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An old map of Fort. Image Source: https://bijoor.me/2016/07/03/cycling-to-fort-george-the-last-remaining-vestige-of-bombay-fort/

Although ancient professional cartographers used sophisticated mapping techniques, modern day tools simplify the tedious process for the common man. Apart from record keeping, mapping also gives tremendous insight into the geographical history of a place and its former footprints. This walk discusses these narratives, while comparing the area to other fort cities around the world and their circular nature.

Each participant will be given a large A3-sized map that has a broad outline of the Fort area. They will be encouraged to fill it up with the sites they see, the landmarks they visit and the stories they hear, and interpret it accordingly. As we walk around the Fort area, the participants shall understand city patterns through the changing nature of Fort’s history, and through the roles of town planners and urban development. They will also have a chance to understand how old maps overlap with modern ones.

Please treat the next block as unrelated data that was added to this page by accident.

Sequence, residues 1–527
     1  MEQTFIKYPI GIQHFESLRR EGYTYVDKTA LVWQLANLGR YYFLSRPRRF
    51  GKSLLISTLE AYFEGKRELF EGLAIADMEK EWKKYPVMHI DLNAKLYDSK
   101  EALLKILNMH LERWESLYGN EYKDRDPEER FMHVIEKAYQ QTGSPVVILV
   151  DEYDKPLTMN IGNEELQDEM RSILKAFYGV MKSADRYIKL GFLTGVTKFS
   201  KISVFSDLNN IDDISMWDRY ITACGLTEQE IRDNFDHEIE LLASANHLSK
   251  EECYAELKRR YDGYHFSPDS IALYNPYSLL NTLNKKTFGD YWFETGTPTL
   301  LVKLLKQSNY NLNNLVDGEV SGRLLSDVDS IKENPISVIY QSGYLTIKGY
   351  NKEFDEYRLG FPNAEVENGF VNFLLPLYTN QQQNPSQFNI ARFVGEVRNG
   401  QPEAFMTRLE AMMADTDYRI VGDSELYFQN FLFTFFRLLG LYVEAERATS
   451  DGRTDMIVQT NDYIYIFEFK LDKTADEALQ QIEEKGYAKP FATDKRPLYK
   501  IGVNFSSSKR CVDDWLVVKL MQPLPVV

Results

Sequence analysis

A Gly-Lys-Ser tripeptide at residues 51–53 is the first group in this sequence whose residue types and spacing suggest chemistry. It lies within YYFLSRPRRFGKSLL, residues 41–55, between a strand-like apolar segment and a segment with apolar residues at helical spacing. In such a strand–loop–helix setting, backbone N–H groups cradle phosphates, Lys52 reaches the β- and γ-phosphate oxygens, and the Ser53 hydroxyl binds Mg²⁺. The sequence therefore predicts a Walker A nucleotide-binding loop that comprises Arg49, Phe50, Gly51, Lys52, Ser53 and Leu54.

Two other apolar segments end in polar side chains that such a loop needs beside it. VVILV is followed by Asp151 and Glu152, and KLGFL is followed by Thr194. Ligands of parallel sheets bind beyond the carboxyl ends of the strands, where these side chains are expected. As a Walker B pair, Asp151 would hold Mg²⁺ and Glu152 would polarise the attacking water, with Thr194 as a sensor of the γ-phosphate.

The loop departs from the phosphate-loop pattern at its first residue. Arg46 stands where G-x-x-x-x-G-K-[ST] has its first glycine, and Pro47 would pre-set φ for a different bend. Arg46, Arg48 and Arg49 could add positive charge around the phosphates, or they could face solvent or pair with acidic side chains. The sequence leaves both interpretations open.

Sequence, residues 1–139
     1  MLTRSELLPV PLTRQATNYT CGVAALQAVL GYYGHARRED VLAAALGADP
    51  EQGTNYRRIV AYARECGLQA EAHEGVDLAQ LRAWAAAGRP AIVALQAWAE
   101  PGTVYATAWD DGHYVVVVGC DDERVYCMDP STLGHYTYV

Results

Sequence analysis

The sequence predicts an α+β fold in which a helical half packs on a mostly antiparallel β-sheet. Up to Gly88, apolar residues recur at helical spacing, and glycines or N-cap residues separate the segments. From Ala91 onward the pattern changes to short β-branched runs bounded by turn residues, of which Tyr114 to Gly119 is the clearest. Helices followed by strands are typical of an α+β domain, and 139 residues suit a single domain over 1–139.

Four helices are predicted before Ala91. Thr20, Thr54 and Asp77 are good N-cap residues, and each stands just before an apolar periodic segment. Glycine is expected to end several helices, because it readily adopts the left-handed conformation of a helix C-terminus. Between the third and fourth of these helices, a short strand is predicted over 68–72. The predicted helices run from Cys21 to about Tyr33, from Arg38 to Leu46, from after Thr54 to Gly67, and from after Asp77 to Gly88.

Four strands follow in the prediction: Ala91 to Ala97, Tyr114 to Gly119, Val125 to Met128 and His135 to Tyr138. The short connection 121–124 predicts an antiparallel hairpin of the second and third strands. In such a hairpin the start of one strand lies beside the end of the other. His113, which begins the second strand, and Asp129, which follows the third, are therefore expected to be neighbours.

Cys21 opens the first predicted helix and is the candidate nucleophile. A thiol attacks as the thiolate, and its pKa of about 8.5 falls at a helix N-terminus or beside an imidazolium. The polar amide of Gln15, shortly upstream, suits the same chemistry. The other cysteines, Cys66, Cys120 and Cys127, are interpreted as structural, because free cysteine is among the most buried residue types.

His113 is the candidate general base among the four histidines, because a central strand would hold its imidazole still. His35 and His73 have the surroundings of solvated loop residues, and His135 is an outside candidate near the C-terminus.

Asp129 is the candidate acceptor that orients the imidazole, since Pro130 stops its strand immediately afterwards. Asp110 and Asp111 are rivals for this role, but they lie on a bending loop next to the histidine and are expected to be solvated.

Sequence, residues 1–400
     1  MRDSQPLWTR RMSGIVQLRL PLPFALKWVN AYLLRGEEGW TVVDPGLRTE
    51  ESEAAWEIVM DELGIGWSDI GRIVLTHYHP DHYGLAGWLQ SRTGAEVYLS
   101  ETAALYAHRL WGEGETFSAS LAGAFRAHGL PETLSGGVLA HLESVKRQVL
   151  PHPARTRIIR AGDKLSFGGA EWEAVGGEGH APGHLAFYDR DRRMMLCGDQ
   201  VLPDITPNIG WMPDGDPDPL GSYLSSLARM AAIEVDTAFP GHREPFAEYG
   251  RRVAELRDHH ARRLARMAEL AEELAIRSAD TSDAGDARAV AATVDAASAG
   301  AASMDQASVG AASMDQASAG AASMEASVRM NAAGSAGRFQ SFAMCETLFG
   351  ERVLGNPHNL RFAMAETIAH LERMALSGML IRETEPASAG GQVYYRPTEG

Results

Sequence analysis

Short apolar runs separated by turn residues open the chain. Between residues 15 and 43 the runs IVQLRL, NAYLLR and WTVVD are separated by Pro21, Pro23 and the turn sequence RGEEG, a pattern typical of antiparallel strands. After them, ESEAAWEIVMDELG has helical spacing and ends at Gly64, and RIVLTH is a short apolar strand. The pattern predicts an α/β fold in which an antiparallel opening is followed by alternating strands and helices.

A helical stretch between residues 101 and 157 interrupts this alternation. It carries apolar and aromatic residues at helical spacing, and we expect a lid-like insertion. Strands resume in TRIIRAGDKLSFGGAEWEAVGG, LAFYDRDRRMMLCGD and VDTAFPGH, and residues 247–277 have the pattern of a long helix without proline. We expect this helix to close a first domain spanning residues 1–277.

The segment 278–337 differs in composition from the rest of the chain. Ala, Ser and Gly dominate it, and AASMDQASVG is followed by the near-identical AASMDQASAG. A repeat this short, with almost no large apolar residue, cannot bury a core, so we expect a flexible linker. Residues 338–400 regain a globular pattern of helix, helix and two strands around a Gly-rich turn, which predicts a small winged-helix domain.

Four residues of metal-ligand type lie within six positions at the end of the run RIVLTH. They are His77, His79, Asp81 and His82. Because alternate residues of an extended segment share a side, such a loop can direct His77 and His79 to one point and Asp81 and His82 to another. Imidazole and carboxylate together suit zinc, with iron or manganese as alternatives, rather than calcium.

Finally, through the mapping activity, the walk will try to answer one poignant question: ‘What happens when the walls of these forts are broken down?’

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Bombay Reclamation Plan. Image Source: https://commons.wikimedia.org/wiki/File:BombayReclamation_1911.jpg

The insights to these questions are held by Neethu Matthew, an architect and urban designer, and Urvashi Chudawala, a master’s student from the Tata Institute of Social Sciences (TISS), who shall be leading this walk. Mapping enthusiasts, history aficionados and vivacious storytellers, both of them are well versed with the city and spirit of Mumbai, and have conducted several walks on the oral histories and architecture of the city.

So, come join us as we map an area of one of the most complex and cultural cities in the world, and learn about its interesting history in the process.

 

This guided tour is free.

 

For more details and registration, click here.

To understand more about mapping on Sahapedia, click here.

Feature Image Courtesy: http://www.discoverindiabyroad.com/p/lost-mumbai.html

 

References

https://www.sahapedia.org/search/contents?keyword=mapping

http://theory.tifr.res.in/bombay/history/c18.html

https://en.wikipedia.org/wiki/Fort_(Mumbai_precinct)